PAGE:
Jump to content


From Wikipedia, the free encyclopedia
Tarlabaşı Boulevard

Tarlabaşı is a neighbourhood in the Beyoğlu district of Istanbul, Turkey, stretching from Taksim Square and Talimhane in the east to Kasımpaşa and Tepebaşı [tr] in the west. On the south side it is separated from İstiklal Caddesi by the four-lane Tarlabaşı Bulvarı (boulevard) while on the north side it is separated from much poorer Dolapdere by Dolapdere Caddesi (street).

In the 1990s, large numbers of Kurdish immigrants from southeastern Turkey moved into Tarlabaşı, joining the pre-existing Romani and Syrian Orthodox populations. More recently, it has absorbed many migrants from neighbouring and African countries.[1] The neighborhood is also home to a sizeable transgender community.[2][3]


In the second half of the 19th century, Tarlabaşı became a new residential area for people of middle and low income, and particularly for non-Muslims such as Jews, Armenians and Greeks. Many residents worked in wealthier neighbourhoods nearby, in particular for the embassies and businesses in and around İstiklal Caddesi.[4] As a result the neighborhood still features many fine, if crumbling, 19th century houses and apartment blocks in a variety of styles including Art Nouveau.

In 1923 the embassies moved to the new capital of Ankara and many people living in Tarlabaşı lost their jobs. In the first half of the 20th century the remaining members of the minority populations were either driven out or chose to leave and many properties fell into decay. From the 1990s onwards many migrants from the southeast of the country took their place, taking advantage of the cheap rents.

In the 1980s while Bedrettin Dalan was Mayor of Istanbul, Tarlabaşı Bulvarı was sliced through the southern side of Tarlabaşı, separating it from the commercial hub of İstiklal Çaddesi. Many 19th-century buildings were lost to the development.

Towards the end of the 20th century Tarlabaşı started to experience gentrification which intensified after a large part of the area was designated for formal gentrification in February 2006..[5] This has attracted considerable controversy: "Beyond and against the gentrification policies and the mainstream stigmatization rhetoric of Tarlabaşı, there is a plethora of less visible social relations, gatherings, and gestures of daily commoning practices as well as self-organized refugees’ and locals’ solidarity groups and community centers that claim the right to the center of the city and spatial justice" (Tsavdaroglou, 2020: 235).[6] Once completed, the Tarlabaşı 360 project offered luxury apartments targeted at overseas investors.[7]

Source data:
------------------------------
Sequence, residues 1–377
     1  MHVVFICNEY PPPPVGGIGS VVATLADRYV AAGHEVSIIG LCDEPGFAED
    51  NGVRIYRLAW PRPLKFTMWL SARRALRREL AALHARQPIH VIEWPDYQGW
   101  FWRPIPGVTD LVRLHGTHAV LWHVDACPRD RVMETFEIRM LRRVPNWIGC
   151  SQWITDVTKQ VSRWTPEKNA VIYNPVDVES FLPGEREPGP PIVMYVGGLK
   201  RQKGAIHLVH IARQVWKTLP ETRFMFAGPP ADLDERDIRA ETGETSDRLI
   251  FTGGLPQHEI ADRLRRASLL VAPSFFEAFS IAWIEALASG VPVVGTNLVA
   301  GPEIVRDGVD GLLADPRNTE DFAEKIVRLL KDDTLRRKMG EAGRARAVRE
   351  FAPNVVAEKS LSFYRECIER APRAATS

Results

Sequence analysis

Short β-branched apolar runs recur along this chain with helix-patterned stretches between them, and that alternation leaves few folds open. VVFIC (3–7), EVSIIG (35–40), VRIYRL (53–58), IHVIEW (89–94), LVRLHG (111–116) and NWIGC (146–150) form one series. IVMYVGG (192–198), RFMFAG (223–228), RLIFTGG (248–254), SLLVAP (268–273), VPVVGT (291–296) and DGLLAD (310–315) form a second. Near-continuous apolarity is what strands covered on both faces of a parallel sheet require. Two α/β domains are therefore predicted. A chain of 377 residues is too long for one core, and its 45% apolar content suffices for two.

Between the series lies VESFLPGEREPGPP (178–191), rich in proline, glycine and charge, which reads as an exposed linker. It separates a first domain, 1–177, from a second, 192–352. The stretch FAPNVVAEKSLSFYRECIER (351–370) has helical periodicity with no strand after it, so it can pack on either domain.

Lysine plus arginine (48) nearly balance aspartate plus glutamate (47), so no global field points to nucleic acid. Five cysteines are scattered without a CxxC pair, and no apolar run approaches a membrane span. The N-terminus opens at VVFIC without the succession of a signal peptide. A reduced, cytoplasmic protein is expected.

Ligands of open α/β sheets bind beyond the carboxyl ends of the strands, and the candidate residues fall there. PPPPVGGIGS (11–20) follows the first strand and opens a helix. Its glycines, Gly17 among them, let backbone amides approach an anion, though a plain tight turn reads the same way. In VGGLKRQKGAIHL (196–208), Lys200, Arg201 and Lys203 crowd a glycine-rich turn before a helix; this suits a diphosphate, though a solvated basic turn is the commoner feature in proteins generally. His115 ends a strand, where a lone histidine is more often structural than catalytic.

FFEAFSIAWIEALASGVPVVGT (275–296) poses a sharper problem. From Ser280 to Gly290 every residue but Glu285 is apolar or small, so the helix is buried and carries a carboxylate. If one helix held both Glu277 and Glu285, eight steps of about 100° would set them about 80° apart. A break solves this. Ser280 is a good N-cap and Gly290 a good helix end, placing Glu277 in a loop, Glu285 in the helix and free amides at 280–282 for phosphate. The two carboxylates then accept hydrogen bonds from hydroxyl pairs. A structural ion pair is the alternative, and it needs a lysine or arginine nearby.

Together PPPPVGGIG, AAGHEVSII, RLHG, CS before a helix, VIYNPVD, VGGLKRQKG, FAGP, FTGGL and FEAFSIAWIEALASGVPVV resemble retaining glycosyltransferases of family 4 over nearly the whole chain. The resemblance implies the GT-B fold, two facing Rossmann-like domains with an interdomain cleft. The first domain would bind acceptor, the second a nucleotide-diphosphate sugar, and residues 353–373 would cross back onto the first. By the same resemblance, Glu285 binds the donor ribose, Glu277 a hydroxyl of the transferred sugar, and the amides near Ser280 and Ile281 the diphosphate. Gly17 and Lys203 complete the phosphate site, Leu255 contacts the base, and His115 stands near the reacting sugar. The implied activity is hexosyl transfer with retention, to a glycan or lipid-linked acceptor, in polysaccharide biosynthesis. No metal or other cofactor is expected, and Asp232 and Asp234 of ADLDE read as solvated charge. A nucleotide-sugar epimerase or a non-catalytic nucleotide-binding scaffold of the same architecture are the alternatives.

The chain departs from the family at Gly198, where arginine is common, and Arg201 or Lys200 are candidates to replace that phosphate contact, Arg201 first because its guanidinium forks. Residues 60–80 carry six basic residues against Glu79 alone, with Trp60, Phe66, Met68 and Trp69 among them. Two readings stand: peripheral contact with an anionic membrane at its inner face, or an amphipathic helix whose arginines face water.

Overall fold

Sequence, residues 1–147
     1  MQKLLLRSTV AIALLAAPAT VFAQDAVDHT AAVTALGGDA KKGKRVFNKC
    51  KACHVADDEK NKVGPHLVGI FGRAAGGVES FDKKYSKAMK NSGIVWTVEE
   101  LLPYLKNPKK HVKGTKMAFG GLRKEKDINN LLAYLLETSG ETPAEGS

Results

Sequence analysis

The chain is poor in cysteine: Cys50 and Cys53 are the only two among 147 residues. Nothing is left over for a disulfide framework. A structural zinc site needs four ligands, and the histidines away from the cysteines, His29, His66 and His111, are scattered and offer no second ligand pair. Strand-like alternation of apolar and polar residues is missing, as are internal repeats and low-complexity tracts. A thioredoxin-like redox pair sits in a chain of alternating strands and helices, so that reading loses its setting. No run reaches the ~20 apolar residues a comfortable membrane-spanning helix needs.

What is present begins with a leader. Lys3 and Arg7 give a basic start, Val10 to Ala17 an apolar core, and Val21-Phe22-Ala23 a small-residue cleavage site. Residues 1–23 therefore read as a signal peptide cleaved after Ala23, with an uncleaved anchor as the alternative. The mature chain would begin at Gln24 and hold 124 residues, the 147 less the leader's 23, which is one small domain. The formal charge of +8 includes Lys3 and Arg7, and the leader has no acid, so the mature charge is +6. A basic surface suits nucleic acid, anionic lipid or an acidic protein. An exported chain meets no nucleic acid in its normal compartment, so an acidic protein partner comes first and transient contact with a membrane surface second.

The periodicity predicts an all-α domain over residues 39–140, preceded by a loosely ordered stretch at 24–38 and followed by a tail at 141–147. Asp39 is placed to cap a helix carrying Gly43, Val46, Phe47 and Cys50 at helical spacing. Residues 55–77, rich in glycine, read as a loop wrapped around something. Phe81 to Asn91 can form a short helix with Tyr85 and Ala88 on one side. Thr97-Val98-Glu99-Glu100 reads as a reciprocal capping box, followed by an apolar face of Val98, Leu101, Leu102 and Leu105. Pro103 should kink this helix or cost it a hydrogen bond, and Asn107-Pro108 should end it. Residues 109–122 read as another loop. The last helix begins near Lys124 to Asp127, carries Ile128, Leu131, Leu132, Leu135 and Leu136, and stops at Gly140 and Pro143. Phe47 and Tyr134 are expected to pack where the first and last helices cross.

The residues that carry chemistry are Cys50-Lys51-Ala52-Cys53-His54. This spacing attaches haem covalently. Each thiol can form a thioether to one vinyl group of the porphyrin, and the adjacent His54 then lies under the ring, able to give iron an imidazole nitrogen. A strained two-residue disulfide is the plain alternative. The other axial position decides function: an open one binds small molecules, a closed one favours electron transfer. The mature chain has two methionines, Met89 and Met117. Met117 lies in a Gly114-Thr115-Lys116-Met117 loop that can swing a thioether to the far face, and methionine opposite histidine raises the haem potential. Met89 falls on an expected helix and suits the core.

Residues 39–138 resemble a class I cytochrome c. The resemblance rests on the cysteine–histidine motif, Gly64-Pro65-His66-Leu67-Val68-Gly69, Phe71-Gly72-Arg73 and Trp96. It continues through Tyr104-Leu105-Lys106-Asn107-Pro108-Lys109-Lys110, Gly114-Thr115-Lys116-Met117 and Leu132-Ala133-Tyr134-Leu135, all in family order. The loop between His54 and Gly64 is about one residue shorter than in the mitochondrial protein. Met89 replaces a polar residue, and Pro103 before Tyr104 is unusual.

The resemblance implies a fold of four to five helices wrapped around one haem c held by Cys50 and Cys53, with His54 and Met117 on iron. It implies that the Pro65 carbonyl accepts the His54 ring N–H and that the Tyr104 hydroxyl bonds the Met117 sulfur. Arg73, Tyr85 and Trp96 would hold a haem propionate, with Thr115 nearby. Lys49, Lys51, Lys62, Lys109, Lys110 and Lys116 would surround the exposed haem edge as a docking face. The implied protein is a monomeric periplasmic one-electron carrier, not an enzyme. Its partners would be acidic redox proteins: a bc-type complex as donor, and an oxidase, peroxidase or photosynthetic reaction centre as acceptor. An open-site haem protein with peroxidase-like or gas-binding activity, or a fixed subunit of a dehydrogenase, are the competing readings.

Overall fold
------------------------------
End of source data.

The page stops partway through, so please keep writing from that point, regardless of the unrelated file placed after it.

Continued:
Since the 2010s gentrification has been supplemented with touristification as large and small hotels and Airbnb properties have opened in Tarlabaşı, taking advantage of cheap property prices in a city-center location. [8]

Places of interest[edit]

On Tatlı Badem (Sweet Almond) Street, there is a museum dedicated to the Polish poet Adam Mickiewicz who died of cholera here in 1855. In 1856 his body was transported to Montmorency in France and then in 1890 to Cracow in Poland, where he was finally buried. Currently the museum is closed.

Reflecting its mixed heritage, Tarlabası is home to three churches, two of them Greek Orthodox (Panagia Evangelistria and Hagioi Konstantinos and Helene) and one of them Syrian Orthodox (Church of the Virgin Mary).

On Sundays, the neighborhood hosts a popular street market with hundreds of vendors.[9]



  1. ^ Arafta kalmış bir tükeniş hikâyesiydi Tarlabaşı
  2. ^ "An unflinching look inside the most dangerous place in Europe to be a transgender person". Women in the World. 2017-04-20. Retrieved 2019-05-18.
  3. ^ "Trans people are risking their lives in Istanbul". The World from PRX.
  4. ^ Brebbia, Florez-Escobar, C.A., W.F. (2015). The Sustainable City X. WIT Press. pp. 417–418.{{cite book}}: CS1 maint: multiple names: authors list (link)
  5. ^ "Tarlabaşı".
  6. ^ Tsavdaroglou, Charalampos (2020-08-31). "The Refugees' Right to the Center of the City and Spatial Justice: Gentrification vs. Commoning Practices in Tarlabaşı-Istanbul". Urban Planning, 5(3), 230-240. Vol. 5, no. 3. pp. 230–240. doi:10.17645/up.v5i3.3098. Retrieved 2020-01-13.
  7. ^ "REVITALIZATION - Turkey's first historic neighborhood revitalization nearly complete in Istanbul". REVITALIZATION. Retrieved 2022-05-18.
  8. ^ Bourque, Jessica (2012-07-04). "Poor but Proud Istanbul Neighborhood Faces Gentrification". The New York Times. ISSN 0362-4331. Retrieved 2022-05-18.
  9. ^ "Market Watch: Semt Pazarları, Civic Life Perfected". Culinary Backstreets. 2018-03-09. Retrieved 2019-05-18.

External links[edit]